When it comes to teaching directing, I am also very much a workshop oriented teacher and director of theatre. I believe that it is best to learn directing on your feet and experimenting with various techniques, exercises and workshops. There are many basics of theatre that every director needs to know. These include but are not limited to: stage directions, body positions, spatial awareness, psychological areas and various forms of script analysis. With this being said, I also believe that there are ways to create exercises in a sort of step by step manner so directors can focus more of their attention on certain aspects of directing work which can then be culminated into a final production or performance that combines all aspects of the workshop process.
I believe that beginning directors should start with non-verbal scenes. In a non-verbal scenes the director must get their actors to effectively communicate the situation without overly indicating or pantomiming. Through careful observations and workshops, I believe a director can learn non-verbal forms of communication and body language are just as effective, if not more effective than verbal communication. Only once a director has a sufficient grasp on this, are they able to move on to the next step, such as adding dialogue to the scenes. After they add dialogue, then they can start working on justified movements, then after this step they can move onto ground plans. This is just one example of a step by step approach to directing that I believe is important to all students of directing.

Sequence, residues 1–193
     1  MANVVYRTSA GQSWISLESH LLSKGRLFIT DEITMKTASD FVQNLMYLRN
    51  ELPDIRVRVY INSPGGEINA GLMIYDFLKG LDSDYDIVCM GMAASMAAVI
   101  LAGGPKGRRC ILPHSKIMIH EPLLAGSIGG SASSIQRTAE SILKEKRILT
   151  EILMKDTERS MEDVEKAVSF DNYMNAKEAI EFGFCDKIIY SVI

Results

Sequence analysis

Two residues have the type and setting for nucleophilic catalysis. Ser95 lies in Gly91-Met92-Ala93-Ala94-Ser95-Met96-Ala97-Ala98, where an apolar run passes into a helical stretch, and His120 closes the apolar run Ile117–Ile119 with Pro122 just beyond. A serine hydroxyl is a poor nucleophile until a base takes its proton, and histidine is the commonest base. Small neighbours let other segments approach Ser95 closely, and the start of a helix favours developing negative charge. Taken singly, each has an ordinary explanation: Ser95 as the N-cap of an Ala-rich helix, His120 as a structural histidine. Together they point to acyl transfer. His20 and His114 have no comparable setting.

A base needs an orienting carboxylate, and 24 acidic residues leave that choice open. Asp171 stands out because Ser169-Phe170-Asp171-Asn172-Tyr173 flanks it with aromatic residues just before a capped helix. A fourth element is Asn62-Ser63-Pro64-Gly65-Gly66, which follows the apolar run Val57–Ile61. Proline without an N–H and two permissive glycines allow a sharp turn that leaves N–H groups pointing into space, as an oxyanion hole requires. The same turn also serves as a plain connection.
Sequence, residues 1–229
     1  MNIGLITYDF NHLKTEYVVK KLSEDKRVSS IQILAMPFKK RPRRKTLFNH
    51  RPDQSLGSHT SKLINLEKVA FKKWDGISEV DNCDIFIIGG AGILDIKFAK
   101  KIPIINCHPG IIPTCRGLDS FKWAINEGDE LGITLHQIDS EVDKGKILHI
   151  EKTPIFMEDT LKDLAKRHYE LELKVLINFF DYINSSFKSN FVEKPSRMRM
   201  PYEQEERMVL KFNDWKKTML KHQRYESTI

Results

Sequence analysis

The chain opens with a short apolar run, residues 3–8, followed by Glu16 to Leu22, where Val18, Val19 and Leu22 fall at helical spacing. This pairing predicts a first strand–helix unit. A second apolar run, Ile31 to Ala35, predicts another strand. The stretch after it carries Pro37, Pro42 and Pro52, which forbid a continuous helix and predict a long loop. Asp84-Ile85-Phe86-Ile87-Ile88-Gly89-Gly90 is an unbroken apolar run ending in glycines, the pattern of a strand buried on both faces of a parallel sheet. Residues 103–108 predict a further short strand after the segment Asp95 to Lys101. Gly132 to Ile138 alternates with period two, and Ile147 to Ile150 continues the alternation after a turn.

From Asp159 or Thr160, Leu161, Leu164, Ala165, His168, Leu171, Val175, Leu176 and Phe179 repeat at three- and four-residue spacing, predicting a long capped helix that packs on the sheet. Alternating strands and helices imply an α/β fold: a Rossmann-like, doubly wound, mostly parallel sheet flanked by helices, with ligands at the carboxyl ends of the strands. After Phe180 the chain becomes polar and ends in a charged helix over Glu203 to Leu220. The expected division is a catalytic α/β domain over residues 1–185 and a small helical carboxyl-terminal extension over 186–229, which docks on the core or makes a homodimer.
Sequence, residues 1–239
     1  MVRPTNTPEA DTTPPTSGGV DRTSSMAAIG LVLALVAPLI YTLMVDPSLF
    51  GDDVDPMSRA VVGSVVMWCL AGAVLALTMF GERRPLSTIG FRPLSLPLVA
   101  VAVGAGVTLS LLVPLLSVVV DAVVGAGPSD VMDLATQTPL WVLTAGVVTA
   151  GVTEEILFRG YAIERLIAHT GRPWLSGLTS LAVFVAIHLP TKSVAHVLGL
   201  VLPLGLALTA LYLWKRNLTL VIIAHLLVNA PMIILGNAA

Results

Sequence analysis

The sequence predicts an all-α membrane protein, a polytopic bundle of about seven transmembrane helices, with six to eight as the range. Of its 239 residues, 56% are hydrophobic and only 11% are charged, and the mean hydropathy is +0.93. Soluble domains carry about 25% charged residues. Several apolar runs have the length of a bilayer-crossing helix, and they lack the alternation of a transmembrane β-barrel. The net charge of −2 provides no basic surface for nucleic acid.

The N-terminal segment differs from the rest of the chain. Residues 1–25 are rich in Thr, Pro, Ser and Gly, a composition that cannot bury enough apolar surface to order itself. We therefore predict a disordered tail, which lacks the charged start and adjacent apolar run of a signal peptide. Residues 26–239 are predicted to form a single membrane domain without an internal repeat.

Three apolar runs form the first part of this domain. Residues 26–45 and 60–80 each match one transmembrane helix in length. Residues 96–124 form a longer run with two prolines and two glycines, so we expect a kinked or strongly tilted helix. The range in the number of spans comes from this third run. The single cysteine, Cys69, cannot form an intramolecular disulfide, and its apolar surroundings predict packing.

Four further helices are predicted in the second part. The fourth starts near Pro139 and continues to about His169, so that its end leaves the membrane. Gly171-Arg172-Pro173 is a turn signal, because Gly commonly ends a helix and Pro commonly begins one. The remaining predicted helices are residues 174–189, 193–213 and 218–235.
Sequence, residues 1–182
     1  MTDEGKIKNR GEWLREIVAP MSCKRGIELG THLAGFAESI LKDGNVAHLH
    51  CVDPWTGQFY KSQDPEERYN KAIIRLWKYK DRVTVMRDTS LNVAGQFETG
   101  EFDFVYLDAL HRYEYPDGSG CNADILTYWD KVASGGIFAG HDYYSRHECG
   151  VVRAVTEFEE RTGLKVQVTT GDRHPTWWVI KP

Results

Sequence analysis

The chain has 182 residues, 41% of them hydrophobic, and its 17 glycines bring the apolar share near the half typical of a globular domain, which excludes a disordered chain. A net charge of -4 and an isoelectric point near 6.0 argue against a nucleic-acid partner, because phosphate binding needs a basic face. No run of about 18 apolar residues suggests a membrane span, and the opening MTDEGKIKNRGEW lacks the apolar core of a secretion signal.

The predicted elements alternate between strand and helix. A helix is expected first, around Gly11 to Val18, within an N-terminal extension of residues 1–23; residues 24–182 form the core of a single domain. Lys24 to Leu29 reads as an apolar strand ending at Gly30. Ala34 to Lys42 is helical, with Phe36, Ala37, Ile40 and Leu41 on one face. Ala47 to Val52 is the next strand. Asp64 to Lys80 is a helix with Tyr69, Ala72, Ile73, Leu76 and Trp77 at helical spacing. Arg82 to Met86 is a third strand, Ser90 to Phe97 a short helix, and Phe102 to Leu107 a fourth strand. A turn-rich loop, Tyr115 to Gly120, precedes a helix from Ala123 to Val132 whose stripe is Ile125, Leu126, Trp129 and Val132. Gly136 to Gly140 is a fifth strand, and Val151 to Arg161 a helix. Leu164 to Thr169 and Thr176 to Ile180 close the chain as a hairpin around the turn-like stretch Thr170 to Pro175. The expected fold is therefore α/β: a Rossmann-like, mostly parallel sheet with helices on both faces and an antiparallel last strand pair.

I also highly believe that directors need to be taught that theatre is a collaborative process. I believe the best theatre comes from a team effort of a group of artists working together. Whenever possible I like young directors to experience what it is like working with designers, and playwrights. A director needs to know how to effectively communicate their vision of a production to this team so that they are all working towards the same goal. The most effective directors I have had the pleasure to work with have had excellent communications skills. They have been able to describe their visions to others and are willing to listen to ideas of the designers. Young directors need to learn and experience this before getting out into the “real world.” They need to learn how to be assertive but compassionate, firm but open and need to learn that keeping the lines of communication open is key to any successful production.
Above everything else, I think the best way for anyone to learn acting or directing is simply by trying. Every single time an actor takes the stage, or a director does a show will be a completely new experience. A director will find that they need to be flexible because how they handled a situation in one production may not work on another. I believe actors and directors can learn from each other, and I believe learning the craft of acting and directing is a never ending process.